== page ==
One of the glaring items from Monday’s market meltdown was that the VIX, often referred as the “Fear Index” closed above 20 for the first time this year.

Actually, the VIX closed at 21.44, its first close above 21 since December 2012. A sharp increase in volatility is often viewed as a negative by many investors, but for Connecticut-based VelocityShares, issuer of a suite of volatility exchange traded notes, soaring volatility is not such a bad thing.

Traders have been pouring into the VelocityShares Daily Inverse VIX Short-Term ETN (NYSEArca: XIV), noted VelocityShares Chief Investment Officer Nick Cherney in an interview with ETF Trends. Monday’s volatility surge prompted traders to increase their bets against XIV, which itself is a bet against volatility. [Inverse VIX ETNs Hit New Highs]

By the time the closing bell sounded Monday, turnover in XIV was nearly five times the daily average. In dollar terms, XIV traded about 3.5 times its trailing 90-day average, according to VelocityShares.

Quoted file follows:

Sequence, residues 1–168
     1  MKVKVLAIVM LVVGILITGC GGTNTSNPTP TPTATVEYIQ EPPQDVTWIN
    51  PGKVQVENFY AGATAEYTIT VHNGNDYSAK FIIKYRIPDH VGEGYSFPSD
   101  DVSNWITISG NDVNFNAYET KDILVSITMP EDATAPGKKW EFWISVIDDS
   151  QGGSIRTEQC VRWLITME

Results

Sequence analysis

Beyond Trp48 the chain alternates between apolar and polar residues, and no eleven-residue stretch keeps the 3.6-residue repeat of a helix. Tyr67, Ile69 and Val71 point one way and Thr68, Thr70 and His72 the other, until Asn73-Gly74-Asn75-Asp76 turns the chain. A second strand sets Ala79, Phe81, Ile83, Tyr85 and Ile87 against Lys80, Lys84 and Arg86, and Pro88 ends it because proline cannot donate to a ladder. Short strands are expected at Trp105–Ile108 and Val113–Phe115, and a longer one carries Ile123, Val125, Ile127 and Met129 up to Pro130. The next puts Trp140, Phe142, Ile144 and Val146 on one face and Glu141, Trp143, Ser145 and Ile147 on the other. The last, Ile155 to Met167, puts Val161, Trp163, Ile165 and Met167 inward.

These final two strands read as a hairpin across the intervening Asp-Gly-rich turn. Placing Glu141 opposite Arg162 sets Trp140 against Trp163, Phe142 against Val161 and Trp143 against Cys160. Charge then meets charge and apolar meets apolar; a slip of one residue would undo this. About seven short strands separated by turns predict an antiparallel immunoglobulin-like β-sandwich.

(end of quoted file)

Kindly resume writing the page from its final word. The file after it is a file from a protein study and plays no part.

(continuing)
“When volume spikes, we see the most interest in XIV,” said Cherney. “We saw a 60% increase in shares outstanding in XIV in January.”

XIV, which more than doubled in 2012 and again in 2013 as volatility slid, is a play on VIX futures that are at the front end of the futures curve, meaning the ETN is more prone to be whipsawed as volatility increases, notes Cherney.  XIV is also currently in backwardation, the scenario where as expiration date nears, futures contracts rise to higher prices than where they resided when expiration was further out.

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